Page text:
How to Have Twins: Increased Maternal BMI and Twinning

Study shows that overweight mothers more likely to have twins

Maternal BMI and Twinning
Are bigger, taller women more likely to have twins?. Alex Brosa / E+ / Getty Images

As the number of twin births has risen since the middle of the last century, researchers have sought explanations for the surging number of twins. Why are more women having twins? One commonly accepted reason is the rise in usage of fertility drugs and treatments. But another factor is that more women are delaying childbearing until they are older. In addition, researchers have noted another trend that correlates with the rise in twinning, one that may offer further explanation.

Are heavier, taller women more likely to have twins?

Maternal BMI and Twinning

According to a study published in the Journal of Obstetrics and Gynecology, overweight and tall mothers are indeed more likely to have twins. The 2005 study shows that mothers with a BMI index of 30 or more, classified as obese, are significantly more likely to have twins. BMI or Body Mass Index is a measure of body fat based on a height and weight ratio.

Researchers analyzed over 50,000 pregnancies, (561 twin) in the Collaborative Perinatal Project, which took place at several hospitals in the United States. They compared the incidence of twinning with the mothers' prepregnant body mass index (BMI). They concluded that there is an association between women with a higher BMI and twinning. The study notes a "statistically significant trend for increased risk of total twinning with increasing BMI."

The study showed that taller-than-average women also have an increased chance of having twins.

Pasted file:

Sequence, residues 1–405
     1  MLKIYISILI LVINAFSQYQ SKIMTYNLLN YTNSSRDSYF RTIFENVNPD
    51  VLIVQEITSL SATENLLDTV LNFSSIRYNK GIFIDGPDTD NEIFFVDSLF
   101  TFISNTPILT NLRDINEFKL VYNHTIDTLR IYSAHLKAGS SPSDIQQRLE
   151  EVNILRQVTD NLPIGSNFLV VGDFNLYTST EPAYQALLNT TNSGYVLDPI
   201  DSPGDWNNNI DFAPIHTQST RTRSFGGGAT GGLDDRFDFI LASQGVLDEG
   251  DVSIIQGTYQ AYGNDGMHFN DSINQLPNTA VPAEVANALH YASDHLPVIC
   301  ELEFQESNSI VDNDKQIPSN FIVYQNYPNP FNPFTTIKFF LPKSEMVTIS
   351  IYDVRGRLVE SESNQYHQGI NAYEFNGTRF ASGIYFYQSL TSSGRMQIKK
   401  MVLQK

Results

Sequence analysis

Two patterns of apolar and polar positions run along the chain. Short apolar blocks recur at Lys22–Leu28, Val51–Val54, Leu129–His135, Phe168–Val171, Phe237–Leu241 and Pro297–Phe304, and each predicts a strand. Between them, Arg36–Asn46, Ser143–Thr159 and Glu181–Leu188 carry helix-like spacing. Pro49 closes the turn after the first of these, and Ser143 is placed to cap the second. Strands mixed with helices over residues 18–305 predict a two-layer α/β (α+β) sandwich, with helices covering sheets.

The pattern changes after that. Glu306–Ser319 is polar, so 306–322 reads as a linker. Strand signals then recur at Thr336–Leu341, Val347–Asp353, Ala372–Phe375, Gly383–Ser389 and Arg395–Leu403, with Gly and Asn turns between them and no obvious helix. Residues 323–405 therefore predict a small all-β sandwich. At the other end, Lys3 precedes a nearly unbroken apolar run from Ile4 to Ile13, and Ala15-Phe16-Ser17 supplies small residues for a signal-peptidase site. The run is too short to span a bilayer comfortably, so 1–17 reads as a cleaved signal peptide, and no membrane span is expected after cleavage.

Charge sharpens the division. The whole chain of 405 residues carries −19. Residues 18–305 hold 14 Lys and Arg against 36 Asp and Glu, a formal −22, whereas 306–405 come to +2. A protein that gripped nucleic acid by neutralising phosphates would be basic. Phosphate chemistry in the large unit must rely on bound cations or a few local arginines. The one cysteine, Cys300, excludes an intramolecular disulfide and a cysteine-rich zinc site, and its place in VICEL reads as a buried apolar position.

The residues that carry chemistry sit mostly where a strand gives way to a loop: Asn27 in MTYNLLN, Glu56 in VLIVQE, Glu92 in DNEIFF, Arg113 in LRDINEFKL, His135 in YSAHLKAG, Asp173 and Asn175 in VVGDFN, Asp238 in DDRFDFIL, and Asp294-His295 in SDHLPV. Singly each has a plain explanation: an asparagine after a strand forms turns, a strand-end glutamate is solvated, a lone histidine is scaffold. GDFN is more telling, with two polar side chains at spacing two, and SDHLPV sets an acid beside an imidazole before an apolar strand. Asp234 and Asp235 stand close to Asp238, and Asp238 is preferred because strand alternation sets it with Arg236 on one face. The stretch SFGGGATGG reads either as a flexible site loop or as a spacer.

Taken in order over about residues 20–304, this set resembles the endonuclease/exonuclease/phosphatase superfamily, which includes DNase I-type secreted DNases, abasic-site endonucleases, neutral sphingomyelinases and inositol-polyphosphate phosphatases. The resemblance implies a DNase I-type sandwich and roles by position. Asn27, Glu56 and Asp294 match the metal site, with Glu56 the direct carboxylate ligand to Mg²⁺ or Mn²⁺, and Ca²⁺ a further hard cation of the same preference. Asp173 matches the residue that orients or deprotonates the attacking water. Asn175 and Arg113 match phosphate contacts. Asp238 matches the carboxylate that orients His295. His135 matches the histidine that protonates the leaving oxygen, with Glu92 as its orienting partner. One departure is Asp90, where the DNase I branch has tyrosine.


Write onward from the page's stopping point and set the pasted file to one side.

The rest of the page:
However, the correlation between height and weight is only associated with fraternal or dizygotic twinning. The mother's stature did not impact her chances of having identical or monozygotic twins, according to the study. Fraternal or dizygotic twinning is influenced by a number of different factors, including the use of fertility drugs, heredity, and maternal age.

The causes of monozygotic twinning are not thoroughly understood.

Does that mean that women who are tall or heavy will have twins? Not necessarily. There are plenty of moms of twins who are not overweight and/or short. Likewise, there are plenty of larger moms who have singletons. Rather, the research identified that maternal BMI is a factor that increases the chances of twins, one of many causes of twins. As obesity rates have trended upwards, so have the number of twins.


Fryar CD, Carroll MD and Ogden, CL. "Prevalence of Overweight, Obesity, and Extreme Obesity Among Adults: United States, Trends 1960-1962 Through 2009-2010." National Center for Health Statistics, September 2012.

Reddy, Uma M., Branum, Amy, Klebanoff, Mark A. “Relationship of Maternal Body Mass Index and Height to Twinning.” Obstetrics and Gynecology., March 2005, pg. 593.

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